Mentions: Median concentrations of individual cytokines and chemokines were analysed across the four groups: Early-A, Early-D, Late-A and Late-D. These revealed comparable levels in the majority of participants. The range of median concentrations was 0–11.1 pg/ml (Figure 4) apart from IFNγ (50.70 pg/ml; Figure 4A), MIP-1β (53.39 pg/ml; Figure 4E) and RANTES (10611 pg/ml; Figure 4F). However, IFNγ levels in participants in the Late-D group were lower than those in Late-A (45.8 vs 68.7 pg/ml; p = 0.0065; Figure 4A). A similar pattern was observed when we measured IL-2 (0.0 vs 9.9 pg/ml; p = 0.0087; Figure 4C). Finally, there was a significant decrease in MIP-1β as the course of HIV disease progressed (81.9 vs 26.7 pg/ml; p = 0.0022; Figure 4E).

Bottom Line: Across all participants we observed significantly higher concentration of Th(1) cytokines compared to Th(2) (66.4 vs 23.8 pg/ml; p<0.0001).Plasma concentrations of IFNγ and IL-2 were 1.8 and 2.4 fold lower respectively in Late-D infected participants compared to Late-A participants.MIP-1β levels also decreased from 118.0 pg/ml to 47.1 pg/ml (p = 0.0396) as HIV disease progressed.

View Article: PubMed Central - PubMed

Affiliation: MRC/UVRI Uganda Research Unit on AIDS, Uganda Virus Research Institute, Entebbe, Uganda. edward.wright@ucl.ac.uk

ABSTRACT

Background: The use of cellular coreceptors and modulation of cytokine concentrations by HIV to establish a productive infection is well documented. However, it is unknown whether the expression of these proteins affects the course of HIV clade A and D disease, reported to have different progression rates.

Methodology/principal findings: We investigated whether the number of CD4(+) T-cells expressing CCR5 or CXCR4, the density of these coreceptors and concentrations of specific immune proteins linked to HIV pathogenesis vary between individuals infected with HIV clade A or D. We undertook additional analyses stratifying participants by early (CD4>500 cells/µl) or late (CD4<200 cells/µl) disease stage. Whole blood samples were taken from 50 HIV-1 infected individuals drawn from cohorts in rural south-west Uganda. Late stage participants had less than half the number of CD4(+)/CCR5(+) T-cells (p = 0.0113) and 5.6 times fewer CD4(+)/CXCR4(+) cells (p<0.0001) than early stage participants. There was also a statistically significant difference in the density of CXCR4 on CD4(+) cells between clade A and D infected early stage participants (142 [A] vs 84 [D]; p = 0.0146). Across all participants we observed significantly higher concentration of Th(1) cytokines compared to Th(2) (66.4 vs 23.8 pg/ml; p<0.0001). Plasma concentrations of IFNγ and IL-2 were 1.8 and 2.4 fold lower respectively in Late-D infected participants compared to Late-A participants. MIP-1β levels also decreased from 118.0 pg/ml to 47.1 pg/ml (p = 0.0396) as HIV disease progressed.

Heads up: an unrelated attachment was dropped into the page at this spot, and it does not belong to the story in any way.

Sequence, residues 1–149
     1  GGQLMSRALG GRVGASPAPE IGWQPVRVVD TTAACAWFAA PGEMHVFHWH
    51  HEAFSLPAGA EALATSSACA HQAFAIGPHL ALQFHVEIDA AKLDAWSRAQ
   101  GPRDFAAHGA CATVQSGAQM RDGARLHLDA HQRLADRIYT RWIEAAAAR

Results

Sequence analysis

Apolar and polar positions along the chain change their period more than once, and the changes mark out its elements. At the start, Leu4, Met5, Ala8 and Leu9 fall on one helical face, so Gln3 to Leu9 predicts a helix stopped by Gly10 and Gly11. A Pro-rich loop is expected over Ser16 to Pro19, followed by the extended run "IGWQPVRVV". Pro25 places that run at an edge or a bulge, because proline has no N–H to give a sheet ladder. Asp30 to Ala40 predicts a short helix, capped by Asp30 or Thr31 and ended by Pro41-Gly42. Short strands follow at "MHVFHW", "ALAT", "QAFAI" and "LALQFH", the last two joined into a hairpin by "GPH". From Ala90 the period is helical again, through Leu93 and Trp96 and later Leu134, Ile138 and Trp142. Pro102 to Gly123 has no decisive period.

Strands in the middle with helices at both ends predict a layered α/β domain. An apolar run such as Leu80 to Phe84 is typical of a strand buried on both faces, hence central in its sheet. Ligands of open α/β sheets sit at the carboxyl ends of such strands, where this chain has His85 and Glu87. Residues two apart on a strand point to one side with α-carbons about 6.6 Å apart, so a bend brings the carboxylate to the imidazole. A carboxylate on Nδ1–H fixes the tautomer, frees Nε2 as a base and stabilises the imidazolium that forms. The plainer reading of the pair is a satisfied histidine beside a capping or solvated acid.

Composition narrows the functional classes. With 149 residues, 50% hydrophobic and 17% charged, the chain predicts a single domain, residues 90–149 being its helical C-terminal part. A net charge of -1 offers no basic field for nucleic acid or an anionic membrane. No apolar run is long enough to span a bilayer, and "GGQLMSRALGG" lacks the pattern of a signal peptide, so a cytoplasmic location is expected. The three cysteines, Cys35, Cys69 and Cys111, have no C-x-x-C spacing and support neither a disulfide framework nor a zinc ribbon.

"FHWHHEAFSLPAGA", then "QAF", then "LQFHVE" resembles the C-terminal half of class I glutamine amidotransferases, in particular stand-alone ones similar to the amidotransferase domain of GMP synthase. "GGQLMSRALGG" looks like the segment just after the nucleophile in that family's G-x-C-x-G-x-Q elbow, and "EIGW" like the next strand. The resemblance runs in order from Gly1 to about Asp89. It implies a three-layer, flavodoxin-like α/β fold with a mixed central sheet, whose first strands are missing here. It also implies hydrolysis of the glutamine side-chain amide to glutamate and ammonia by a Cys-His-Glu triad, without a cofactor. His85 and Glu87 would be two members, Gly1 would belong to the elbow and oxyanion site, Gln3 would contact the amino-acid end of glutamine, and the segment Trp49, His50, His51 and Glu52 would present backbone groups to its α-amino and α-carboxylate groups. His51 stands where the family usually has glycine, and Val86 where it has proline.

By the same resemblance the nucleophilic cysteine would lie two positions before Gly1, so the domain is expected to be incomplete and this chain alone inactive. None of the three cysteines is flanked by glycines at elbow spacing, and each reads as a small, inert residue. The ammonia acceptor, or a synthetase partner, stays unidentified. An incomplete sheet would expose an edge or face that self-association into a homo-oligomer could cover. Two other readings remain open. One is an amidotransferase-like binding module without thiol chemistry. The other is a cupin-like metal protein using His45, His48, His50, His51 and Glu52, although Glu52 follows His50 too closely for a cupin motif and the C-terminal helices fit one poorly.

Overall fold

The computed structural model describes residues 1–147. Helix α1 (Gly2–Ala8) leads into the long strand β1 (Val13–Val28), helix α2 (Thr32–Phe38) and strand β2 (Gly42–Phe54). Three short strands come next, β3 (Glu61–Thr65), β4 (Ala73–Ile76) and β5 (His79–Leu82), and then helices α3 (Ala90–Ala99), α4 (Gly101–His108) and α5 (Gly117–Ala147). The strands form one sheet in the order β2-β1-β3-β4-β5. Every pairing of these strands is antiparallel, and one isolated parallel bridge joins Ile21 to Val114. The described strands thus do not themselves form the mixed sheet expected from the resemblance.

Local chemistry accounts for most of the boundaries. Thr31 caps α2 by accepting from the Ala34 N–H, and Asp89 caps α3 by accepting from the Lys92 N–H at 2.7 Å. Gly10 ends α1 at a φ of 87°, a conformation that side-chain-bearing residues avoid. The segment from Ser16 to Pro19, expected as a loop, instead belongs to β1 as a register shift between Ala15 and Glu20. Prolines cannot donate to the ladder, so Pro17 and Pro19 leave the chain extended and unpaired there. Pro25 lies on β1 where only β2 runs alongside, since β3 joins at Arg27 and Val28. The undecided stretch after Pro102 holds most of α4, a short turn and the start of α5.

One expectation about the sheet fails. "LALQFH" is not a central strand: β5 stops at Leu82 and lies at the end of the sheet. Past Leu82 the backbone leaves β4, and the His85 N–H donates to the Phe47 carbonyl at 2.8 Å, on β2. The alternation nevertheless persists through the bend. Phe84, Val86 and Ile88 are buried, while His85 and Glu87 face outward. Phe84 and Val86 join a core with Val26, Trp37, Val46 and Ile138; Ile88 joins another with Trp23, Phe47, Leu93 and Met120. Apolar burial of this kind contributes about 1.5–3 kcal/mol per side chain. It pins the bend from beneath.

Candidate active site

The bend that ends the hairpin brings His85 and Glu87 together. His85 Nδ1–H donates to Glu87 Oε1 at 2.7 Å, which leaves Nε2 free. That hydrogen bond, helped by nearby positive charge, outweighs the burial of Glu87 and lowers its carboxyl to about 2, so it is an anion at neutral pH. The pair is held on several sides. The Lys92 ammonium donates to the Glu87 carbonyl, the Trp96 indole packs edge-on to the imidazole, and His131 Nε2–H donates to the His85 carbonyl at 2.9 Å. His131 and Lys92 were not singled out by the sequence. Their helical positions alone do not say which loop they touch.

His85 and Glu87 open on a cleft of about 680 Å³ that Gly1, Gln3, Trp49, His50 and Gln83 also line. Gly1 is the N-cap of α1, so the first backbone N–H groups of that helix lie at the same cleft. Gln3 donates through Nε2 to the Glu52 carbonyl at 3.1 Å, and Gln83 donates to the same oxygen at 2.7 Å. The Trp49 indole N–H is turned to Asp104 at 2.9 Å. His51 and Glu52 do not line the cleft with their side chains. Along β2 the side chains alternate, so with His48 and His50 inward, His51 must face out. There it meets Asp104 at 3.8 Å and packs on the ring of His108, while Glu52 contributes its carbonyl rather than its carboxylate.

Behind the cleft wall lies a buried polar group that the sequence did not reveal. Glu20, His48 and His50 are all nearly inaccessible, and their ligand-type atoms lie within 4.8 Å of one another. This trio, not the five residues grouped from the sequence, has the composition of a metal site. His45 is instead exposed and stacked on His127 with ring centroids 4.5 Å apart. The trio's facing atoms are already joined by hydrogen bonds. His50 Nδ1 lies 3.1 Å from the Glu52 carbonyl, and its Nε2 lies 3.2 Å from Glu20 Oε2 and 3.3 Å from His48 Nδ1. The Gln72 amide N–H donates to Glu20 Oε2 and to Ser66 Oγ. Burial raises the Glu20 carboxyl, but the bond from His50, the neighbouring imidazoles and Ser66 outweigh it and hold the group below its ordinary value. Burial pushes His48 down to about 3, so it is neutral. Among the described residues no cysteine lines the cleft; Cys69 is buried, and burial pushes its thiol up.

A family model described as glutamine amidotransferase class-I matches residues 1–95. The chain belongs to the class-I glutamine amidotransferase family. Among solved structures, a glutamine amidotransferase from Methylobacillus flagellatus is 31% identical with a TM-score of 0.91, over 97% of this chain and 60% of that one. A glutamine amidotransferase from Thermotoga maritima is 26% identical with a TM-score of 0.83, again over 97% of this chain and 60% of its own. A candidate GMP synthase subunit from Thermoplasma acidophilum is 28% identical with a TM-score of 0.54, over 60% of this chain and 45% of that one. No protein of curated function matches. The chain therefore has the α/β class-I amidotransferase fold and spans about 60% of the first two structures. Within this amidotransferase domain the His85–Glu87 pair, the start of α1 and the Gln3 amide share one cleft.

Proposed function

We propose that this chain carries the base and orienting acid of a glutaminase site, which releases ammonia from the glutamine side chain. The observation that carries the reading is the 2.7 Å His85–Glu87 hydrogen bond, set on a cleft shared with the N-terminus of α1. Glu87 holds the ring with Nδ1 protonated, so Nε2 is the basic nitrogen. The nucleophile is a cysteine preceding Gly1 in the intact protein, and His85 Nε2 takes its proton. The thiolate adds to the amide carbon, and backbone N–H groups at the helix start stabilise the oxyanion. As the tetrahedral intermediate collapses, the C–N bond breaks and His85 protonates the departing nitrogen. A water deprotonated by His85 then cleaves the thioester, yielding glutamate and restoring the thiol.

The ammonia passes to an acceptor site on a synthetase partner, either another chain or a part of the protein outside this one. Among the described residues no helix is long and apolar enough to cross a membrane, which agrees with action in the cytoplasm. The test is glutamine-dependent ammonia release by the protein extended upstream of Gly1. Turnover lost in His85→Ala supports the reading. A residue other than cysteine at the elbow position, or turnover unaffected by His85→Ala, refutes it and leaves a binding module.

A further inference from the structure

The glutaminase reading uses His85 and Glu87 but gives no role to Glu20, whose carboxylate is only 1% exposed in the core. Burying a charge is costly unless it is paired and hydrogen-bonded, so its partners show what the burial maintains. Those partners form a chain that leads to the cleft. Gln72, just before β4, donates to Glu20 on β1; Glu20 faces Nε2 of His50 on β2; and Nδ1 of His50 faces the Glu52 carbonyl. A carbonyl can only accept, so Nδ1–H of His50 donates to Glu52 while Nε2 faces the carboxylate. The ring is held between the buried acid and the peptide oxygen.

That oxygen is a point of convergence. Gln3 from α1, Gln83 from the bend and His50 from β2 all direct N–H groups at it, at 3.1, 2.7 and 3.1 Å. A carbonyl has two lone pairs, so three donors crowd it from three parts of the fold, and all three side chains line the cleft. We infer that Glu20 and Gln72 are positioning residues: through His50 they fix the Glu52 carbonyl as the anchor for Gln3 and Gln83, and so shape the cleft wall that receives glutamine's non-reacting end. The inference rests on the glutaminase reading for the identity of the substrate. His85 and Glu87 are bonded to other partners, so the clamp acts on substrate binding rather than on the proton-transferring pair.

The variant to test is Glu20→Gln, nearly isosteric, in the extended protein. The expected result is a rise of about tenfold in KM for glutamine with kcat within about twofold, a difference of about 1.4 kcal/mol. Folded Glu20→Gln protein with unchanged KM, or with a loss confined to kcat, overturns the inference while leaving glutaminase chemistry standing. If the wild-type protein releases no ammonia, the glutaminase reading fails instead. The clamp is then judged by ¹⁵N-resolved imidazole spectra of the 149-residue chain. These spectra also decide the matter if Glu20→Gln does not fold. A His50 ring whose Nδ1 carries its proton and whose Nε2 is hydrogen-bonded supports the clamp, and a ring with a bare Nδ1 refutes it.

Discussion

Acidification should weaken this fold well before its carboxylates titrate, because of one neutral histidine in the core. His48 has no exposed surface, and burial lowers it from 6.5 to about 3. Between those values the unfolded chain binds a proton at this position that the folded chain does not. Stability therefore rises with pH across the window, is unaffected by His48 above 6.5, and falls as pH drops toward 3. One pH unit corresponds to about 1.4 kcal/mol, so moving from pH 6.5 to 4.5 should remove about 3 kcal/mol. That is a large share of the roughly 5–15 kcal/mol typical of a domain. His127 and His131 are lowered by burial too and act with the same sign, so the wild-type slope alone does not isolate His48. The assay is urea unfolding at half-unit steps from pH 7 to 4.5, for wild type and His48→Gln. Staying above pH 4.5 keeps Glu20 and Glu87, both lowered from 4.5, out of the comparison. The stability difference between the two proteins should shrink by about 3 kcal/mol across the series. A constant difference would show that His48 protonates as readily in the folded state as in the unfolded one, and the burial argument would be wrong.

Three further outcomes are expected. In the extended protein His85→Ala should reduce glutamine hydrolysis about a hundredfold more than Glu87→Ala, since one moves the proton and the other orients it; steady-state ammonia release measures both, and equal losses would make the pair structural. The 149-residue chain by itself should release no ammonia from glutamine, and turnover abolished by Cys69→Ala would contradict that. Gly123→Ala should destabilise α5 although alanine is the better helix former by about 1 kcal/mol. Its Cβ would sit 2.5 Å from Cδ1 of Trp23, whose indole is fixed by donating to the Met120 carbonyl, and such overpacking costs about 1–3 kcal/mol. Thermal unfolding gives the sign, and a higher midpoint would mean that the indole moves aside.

Conclusions/significance: We observed specific alterations in the abundance of CD4(+)/CCR5(+) and CD4(+)/CXCR4(+) T-cells, and concentrations of immune proteins across different HIV clades and as infection progresses. Our results suggest that these changes are unlikely to explain the observed differences in disease progression between subtype A and D infections. However, our observations further the understanding of the natural progression of non-clade B HIV infection and how the virus adapts to exploit the host environment.

Show MeSH
Related in: MedlinePlus